Continuing our serialised life of Mgr. Lefebvre as told to the Sisters of the Society at St. Michel we look this month at Mgr. Lefebvre’s brief tenure as Superior General of the Holy Ghost Fathers as the Second Vatican Council begins until the time of his resignation.
So, the Congregation looked after the blacks and thus spread to quite a few countries. As I mentioned last time, we were in the United States and also in Canada but Africa, whether English, French or Portuguese speaking, was the principal and major field of missionary work. We were in the West Indies: Martinique, Guadeloupe, Trinidad; in South America: French Guiana, Brazil in Amazonas as well as the Provinces of Santa Catarina and Rio in the South. In short we were everywhere where there were blacks.
It was, however, in Europe obviously, as well as Canada and the United States where the vocations came from and where our houses of formation were situated. France had the most houses since the Congregation had been founded by Father Libermann who was an Alsatian Jew (odd, but there you are). But we also had a Belgian province and one in England, Ireland, Germany and Switzerland. There was no Italian province. There were a few Italians but not many. The Italians like to join Italian Congregations, they’re very family oriented. When an Italian moves, to the United States, China or wherever, he takes his nephews, nieces, cousins and his whole family with him. He doesn’t work with the people of the country but rather imports his family to work with him. They’re very attached to their country and it’s very difficult for a non-Italian congregation to get established there. We didn’t get many German-speaking Swiss either. The French-speaking ones joined but it was more or less impossible to get established in the German-speaking part. I wondered later if it would be the same for the Society of St. Pius X but, although I didn’t take any particular precautions, we still got German Swiss, both men and women, Italians too. We’ve got some Italians, three more entered Flavigny this year which is marvellous, thanks be to God!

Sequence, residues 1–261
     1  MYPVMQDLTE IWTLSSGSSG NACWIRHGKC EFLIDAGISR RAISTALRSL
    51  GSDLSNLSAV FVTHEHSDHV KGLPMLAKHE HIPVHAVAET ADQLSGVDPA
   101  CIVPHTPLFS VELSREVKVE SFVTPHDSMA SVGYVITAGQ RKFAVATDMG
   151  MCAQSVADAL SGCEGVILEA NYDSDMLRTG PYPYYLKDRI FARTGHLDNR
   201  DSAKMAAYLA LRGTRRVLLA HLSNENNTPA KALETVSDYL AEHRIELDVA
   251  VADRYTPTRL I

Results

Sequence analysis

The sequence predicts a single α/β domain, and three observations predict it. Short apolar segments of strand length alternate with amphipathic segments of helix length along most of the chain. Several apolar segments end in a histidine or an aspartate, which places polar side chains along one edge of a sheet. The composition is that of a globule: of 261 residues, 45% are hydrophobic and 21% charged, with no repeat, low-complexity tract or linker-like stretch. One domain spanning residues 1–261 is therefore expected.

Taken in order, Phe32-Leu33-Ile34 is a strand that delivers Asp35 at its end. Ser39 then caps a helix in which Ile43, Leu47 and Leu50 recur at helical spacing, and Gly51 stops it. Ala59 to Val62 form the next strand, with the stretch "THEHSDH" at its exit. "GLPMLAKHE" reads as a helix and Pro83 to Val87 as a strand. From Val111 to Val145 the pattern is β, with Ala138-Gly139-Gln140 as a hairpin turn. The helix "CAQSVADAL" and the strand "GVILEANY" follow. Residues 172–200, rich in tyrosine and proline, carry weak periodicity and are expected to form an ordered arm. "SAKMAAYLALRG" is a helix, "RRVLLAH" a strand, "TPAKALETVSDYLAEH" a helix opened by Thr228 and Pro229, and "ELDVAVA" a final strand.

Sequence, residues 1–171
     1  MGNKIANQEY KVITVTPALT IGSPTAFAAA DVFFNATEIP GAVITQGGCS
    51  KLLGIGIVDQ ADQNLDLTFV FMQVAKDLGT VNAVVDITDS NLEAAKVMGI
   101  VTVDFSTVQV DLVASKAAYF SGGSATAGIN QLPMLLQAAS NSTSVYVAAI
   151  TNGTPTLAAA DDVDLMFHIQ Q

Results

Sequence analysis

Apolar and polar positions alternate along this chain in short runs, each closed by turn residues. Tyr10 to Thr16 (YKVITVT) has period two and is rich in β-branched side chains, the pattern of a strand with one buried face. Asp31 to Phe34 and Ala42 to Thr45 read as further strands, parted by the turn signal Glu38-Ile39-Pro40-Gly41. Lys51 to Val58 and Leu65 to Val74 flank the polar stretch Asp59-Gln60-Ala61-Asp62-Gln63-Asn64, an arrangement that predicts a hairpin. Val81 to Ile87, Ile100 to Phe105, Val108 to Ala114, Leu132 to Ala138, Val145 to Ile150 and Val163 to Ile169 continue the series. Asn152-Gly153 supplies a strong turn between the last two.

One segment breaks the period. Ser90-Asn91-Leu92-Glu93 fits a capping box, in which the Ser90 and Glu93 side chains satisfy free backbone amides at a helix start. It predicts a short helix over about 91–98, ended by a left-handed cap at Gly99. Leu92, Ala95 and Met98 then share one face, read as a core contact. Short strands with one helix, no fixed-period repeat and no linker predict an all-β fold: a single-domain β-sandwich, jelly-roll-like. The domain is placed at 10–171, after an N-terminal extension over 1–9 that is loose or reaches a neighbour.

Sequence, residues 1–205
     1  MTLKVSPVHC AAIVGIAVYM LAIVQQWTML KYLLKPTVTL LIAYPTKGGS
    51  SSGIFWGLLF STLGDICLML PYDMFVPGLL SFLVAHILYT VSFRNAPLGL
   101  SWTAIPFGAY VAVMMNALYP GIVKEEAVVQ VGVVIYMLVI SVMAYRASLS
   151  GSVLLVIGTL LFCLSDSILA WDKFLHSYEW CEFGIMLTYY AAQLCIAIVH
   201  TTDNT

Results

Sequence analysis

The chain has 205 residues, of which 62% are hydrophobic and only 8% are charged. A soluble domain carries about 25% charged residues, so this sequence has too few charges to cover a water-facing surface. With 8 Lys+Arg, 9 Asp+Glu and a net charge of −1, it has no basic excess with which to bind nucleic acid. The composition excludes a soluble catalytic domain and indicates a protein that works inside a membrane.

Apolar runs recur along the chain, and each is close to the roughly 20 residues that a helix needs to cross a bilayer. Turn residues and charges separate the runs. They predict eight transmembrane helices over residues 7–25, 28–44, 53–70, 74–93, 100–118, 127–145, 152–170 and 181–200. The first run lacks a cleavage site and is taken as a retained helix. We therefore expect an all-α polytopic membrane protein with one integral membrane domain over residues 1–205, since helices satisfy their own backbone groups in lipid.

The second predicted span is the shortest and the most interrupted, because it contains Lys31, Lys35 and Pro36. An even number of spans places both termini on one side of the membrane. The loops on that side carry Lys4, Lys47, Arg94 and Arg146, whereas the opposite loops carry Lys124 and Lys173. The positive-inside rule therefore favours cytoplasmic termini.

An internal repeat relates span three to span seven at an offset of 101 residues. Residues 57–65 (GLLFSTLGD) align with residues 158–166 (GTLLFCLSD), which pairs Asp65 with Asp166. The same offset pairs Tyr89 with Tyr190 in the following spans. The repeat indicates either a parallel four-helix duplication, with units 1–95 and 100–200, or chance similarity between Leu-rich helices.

The Holy Ghost Fathers were, therefore, a force to be reckoned with especially with all the bishops we had. But I was elected Superior General just as the Council was beginning and it was to have a tremendous impact on the life of the Congregation.
Similarly, right from the beginning, the General Chapter had given me the responsibility of relocating the Mother House which at that time was in Lhomond St. in Paris along with the Provincial House. This often caused all sorts of problems so the General Chapter decided that the Mother House had to be transferred to Rome where the Mother Houses of many other religious congregations were. So, in my first two years as Superior General we moved to another house in Paris and again, two years later, the Mother House was moved to Monte Mario in Rome where it still is today. Now, that was quite a lot to deal with as well as the Council and the Visitations I had to do. I had to go to a variety of countries, different places throughout the world. It was quite a job. And those who had been against me being elected Superior General took advantage of that during the Council. There was in fact a small group who didn’t like my way of thinking and they were afraid of my ‘traditionalism’. Nonetheless, in spite of that I had still been elected with a large majority.
This little group was very active. They included a number of seminary professors like Fr. Lécuyer who was in Rome. They formed a small group of intellectuals – very progressive, rather modernist and very determined. Moreover, since it seemed the Council was working in their favour they felt emboldened and took the opportunity of spreading their ideas of modernising – the aggiornamento – the Congregation.